Scroll down through this documentation to see what other methods are available. Don't be intimidated by this documentation. You'll get very familiar with it as you learn more and more about Java programming.

Making Wombats Move

Back to the Wombat object. Open an editor for the Wombat class again by right-clicking Wombat and selecting Open editor. Scroll down to the act() method, as shown here:

 public void act()
    {
        if(foundLeaf()) {
            eatLeaf();
        }
        else if(canMove()) {
            move();
        }
        else {
            turnLeft();
        }
    }
 

As you recall, the act() method is from the Actor class. But the details of what happens when the act() method is invoked weren't specifically defined in the Actor class. That is so each object that extends Actor can have individual behavior. For instance, you could create an object named Monsters, and give that object different instructions in the act() method than the Wombat object uses. Additionally, you needn't use the methods from the Actor class.

If you look at the code for the Leaf class in the editor, you'll see that no methods are defined. That's because the Leaf objects don't do anything but sit there until they get eaten. They don't have any methods!

So, what are the details of this act() method in the Wombat class? Look again at that method detailed above. It's easy enough to read: If a Wombat finds a leaf, it eats the leaf, or it simply moves along. If it can't move any farther, it will turn left. How does it do all that?

Scroll down some more in the Wombat class, and you'll see the instructions for a few more methods: foundLeaf(), eatLeaf(), move(), canMove(), turnLeft(), setDirection, gentleness(). We won't get into the details of these methods yet, except to say these instructions are what tell the Wombat how to interact in the program. If you want to change the behavior of a Wombat, you'd change one of these methods. You'll do that later . . . .

More on Java Programming Syntax

Syntax refers to the rules we use to decide what order to put things in, so that they make sense. For example, we have rules in the English language about the order of words in sentences, so that the words make sense together. As mentioned earlier, Java programming syntax is a bit different from English sentences syntax. A few things worth noticing:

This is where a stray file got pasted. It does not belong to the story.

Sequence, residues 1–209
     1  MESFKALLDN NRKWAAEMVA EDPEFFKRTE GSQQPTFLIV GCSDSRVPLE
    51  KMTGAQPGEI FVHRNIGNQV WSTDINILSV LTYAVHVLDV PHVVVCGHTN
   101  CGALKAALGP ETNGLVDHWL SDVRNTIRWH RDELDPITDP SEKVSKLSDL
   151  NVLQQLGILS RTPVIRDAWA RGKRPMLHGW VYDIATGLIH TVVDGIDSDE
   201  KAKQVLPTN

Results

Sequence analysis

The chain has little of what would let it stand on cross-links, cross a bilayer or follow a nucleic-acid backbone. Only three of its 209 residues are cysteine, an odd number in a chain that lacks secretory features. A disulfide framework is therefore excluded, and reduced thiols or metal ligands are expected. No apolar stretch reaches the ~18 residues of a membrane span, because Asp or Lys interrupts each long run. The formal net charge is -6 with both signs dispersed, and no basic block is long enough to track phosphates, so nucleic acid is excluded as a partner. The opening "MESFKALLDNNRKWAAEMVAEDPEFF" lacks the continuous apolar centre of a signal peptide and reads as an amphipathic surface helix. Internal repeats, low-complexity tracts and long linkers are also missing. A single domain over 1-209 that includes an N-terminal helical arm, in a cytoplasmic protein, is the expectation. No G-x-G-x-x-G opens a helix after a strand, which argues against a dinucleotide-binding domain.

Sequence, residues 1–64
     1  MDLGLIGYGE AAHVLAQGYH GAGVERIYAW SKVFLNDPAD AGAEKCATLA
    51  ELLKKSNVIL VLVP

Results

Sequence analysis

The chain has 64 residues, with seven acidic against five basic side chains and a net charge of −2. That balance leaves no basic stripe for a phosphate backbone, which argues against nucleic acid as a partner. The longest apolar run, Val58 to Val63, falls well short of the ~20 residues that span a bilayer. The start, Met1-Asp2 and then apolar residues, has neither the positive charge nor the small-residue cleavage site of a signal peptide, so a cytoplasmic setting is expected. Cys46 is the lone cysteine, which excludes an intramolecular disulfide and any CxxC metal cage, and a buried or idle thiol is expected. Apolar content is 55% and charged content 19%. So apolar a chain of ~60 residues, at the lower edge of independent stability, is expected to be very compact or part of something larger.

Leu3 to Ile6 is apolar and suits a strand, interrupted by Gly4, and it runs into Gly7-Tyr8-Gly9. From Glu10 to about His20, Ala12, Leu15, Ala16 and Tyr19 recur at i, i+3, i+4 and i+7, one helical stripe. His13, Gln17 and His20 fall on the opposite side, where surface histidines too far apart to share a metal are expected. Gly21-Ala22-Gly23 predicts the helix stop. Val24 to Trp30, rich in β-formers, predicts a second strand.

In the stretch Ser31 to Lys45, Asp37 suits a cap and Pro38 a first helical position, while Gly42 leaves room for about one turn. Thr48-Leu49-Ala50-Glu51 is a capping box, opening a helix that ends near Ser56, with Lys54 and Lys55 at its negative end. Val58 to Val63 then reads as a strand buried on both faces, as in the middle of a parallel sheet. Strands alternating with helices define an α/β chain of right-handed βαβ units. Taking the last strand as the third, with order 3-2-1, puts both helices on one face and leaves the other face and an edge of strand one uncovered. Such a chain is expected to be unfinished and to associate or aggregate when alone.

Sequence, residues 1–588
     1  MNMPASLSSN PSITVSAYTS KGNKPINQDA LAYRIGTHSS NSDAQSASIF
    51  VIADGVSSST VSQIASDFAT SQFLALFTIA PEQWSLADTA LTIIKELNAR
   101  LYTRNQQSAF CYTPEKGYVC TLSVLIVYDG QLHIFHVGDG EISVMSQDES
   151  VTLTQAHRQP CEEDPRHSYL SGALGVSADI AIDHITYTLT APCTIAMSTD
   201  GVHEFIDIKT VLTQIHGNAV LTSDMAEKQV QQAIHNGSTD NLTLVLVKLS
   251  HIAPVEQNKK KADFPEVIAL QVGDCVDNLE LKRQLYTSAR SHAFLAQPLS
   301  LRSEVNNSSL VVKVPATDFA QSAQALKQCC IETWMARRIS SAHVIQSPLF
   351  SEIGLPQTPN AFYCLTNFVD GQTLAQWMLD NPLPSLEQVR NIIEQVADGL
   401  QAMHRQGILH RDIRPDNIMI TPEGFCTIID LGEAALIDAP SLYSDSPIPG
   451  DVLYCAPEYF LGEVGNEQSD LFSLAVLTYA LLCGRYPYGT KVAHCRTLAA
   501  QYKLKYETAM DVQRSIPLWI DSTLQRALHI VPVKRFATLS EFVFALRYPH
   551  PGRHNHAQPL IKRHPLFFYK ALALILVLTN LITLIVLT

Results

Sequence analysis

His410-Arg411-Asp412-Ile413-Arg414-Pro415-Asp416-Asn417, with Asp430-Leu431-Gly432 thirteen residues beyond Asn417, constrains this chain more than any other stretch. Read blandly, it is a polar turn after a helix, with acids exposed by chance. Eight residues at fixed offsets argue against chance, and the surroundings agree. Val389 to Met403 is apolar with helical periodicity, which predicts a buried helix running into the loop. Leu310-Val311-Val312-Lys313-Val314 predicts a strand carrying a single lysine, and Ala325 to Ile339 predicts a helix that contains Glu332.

• Lines of code are organized into expressions, statements, and blocks . You'll need to learn about these, so click on the links when you have time.
  • Each expression or statement ends with a semicolon ;
  • Blocks are enclosed in curly braces {}
  • Commas are used in much the same way that they are used in English sentences
  • Comments about the code start with double slashes //
Just for Fun

For the fun of it, change the behavior of the wombats. If your code editor is not already open, open it by either double-clicking Wombat under Actor classes, or right-clicking Wombat and selecting Open editor. Scroll down to the act() method and replace the current method with this new act() method:

     public void act()
    {
        if(foundLeaf()) {
            eatLeaf();
        }
        else if(canMove()) {
            move();
        }
        else {
            turnRandom();
        }
    }
 

Notice the change in the act() method: Now the method calls turnRamdom() instead of turnLeft. Naturally, you need to add this new turnRandom() method after the one above:

  /**
     * Turn in a random direction.
     */
    public void turnRandom()
    {
        // get a random number between 0 and 3...

        int turns = Greenfoot.getRandomNumber(4);
       // ...an turn left that many times.
        for(int i=0; i <turns; i++) {
            turnLeft();
        }
    }
 

Click Compile at the top of the editor. If no errors occur, go back to your main screen, click Compile All, populate the world again, and then click Run. Now the Wombats move in other directions besides left to go after the leaves. If you had errors, you can use the code for the entire class with these changes made by clicking here.

What is happening when you compile? In the Java programming language, all source code is first written in plain class text files that end with the .java extension. Those source files are then compiled into .class files by the javac compiler. A .class file does not contain code that is native to your processor. Instead it contains bytecodes - the machine language of the Java Virtual Machine (Java VM). You'll learn more about this when you start writing your own Java programs.

Summary

You learned a lot in this article! Now you should understand the following concepts:

  • The details for objects are written into files called classes. One program may have many classes because it may have many objects.
  • Each class defines the object and its behavior.
  • Methods detail the behavior and provide the instructions for what that object can do and how it can interact with other objects.
  • Some objects inherit behavior and traits, just like people do, by extending to a parent class, such as Wombat extends Actor
  • You change the behavior of an object by changing the instructions in the method or adding new methods.
  • Java programming code uses special syntax and is written in expressions, statements, and blocks.
  • Java is a compiled programming language.

In the next article, you'll learn about Java packages and import statements, variables and fields, and more.

For More Information

With everything you have learned in these two articles, you should be ready to begin exploring the Java Tutorial and learning more about the Java programming language. Its beginning lessons will make sense to you now that you have the Wombat basics to put it into context.


Young Developer Series: